Sources on the ground in Afghanistan tell American Military News that on January 1st, 2017 Afghan time, the Afghan city of Sangin, widely known for the battle that took place there in mid-2010, has been completely retaken by the Taliban from the Afghan National Army.
The Battle of Sangin in 2010 is considered one of the the bloodiest battlegrounds in Afghanistan. American and British forces each lost 100 service members there and incurred several hundred more casualties while taking control of the city in 2010.
This news carries some degree of sadness to many U.S Marine veterans, some of whom lost friends fighting bloody battles to control the city in 2010. Aptly referred to as “Bangin’ Sangin” by some 3rd Bn 7th Marines who partook in the initial clearing operations, the battle of Sangin would go down as one of the biggest Marine operations in the Afghanistan theater.
Daniel Sharp, a former U.S. Marine who served a tour in Sangin told American Military News, “I did a tour in Sangin and this breaks my heart. All my sacrifices, all the danger I exposed myself to, all the blood my comrades spilled, for nothing.”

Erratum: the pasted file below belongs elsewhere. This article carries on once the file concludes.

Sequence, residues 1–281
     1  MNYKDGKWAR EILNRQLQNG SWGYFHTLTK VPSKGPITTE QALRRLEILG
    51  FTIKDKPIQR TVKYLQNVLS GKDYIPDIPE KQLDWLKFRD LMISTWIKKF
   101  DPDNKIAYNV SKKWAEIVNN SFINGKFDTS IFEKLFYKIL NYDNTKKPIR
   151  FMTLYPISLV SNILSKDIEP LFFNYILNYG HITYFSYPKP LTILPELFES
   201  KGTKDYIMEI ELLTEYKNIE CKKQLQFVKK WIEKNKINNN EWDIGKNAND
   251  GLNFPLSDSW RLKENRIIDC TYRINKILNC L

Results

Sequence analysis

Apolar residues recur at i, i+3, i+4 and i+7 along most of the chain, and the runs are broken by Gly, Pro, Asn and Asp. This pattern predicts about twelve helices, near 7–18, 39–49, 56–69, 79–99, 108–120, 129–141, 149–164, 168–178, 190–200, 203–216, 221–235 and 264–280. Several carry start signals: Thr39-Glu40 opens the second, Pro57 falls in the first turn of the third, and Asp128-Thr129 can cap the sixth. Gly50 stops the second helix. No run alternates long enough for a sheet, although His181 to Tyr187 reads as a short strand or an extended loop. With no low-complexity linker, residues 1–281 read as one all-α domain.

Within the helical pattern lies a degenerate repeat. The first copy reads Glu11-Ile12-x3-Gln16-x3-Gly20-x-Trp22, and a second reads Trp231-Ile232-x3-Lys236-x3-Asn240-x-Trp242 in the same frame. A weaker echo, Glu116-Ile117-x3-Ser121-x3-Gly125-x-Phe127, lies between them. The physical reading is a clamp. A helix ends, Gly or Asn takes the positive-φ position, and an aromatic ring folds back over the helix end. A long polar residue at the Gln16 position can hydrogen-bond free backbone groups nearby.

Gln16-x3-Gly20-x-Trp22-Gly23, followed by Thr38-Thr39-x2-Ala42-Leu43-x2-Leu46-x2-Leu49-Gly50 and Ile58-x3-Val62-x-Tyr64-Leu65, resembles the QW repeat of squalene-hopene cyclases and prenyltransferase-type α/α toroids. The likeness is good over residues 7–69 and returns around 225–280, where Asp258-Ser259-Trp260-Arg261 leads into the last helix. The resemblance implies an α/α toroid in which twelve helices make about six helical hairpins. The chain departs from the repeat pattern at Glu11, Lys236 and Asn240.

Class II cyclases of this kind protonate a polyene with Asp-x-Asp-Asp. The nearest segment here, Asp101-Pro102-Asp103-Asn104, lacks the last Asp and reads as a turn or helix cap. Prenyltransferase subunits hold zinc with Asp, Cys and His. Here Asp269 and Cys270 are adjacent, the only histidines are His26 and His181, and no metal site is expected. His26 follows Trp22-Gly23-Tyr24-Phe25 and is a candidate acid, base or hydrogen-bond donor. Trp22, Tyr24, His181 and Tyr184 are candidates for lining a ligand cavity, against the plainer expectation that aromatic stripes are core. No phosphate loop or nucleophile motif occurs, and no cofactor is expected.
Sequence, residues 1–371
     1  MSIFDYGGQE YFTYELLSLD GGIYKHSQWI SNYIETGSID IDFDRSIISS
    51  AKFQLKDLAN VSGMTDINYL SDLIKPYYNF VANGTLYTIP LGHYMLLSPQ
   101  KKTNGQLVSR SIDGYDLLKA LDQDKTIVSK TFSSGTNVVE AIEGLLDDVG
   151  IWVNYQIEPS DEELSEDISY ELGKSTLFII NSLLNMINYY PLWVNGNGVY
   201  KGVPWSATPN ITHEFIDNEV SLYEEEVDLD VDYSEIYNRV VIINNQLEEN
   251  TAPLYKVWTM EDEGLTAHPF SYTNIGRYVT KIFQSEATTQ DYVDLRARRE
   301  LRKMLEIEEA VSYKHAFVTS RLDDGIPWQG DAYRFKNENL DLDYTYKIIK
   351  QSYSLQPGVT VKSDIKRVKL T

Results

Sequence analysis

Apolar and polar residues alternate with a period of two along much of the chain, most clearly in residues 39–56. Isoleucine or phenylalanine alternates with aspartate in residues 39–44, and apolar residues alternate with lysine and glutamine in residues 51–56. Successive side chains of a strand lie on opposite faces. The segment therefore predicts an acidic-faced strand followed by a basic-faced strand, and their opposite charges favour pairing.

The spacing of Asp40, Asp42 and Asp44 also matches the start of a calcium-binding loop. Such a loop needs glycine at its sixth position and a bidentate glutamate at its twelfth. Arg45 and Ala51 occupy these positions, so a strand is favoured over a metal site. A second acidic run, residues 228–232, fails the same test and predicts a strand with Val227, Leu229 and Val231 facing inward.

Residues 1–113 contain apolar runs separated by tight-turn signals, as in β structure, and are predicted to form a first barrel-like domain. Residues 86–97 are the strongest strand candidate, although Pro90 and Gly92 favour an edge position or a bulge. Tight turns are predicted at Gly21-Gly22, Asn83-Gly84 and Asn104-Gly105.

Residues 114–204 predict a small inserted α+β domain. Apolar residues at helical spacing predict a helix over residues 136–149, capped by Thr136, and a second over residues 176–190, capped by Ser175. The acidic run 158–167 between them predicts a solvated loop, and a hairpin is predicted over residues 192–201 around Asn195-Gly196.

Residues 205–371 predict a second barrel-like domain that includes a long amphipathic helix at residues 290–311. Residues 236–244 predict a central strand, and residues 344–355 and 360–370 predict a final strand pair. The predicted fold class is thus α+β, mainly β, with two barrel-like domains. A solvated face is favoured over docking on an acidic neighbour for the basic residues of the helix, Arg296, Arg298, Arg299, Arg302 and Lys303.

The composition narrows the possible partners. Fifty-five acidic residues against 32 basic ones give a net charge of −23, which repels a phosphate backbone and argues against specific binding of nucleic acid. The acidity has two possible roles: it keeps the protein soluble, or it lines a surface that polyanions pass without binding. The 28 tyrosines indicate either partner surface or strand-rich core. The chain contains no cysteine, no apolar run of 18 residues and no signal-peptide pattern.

However, over 500 local civilians and police have banded together from all over southern Afghanistan to reinforce beleaguered Afghan security forces who are locked in combat to keep the last remaining cities surrounding Sangin from falling to Taliban control.
The Taliban has increased pressure in their renewed campaign to retake the cities around southern Helmand Province, continuously deploying suicide bombers with deadly effect. In late October, 14 police and civilians were killed when a vehicle exploded, with three more wounded in the same way only last week. Local security forces have lauded the arrival of the 500 volunteers who are being used to help police reinforce key checkpoints and security stations to prevent further destruction of key roads and bridges by the Taliban.
A spokesperson for the Afghan Security Forces felt confident the Taliban would be pushed out of the city of Sangin quickly, despite Taliban fighters having made a steady push through the neighboring districts in relatively short time. The Taliban currently claim they control over 41 districts throughout Afghanistan while laying siege to another six.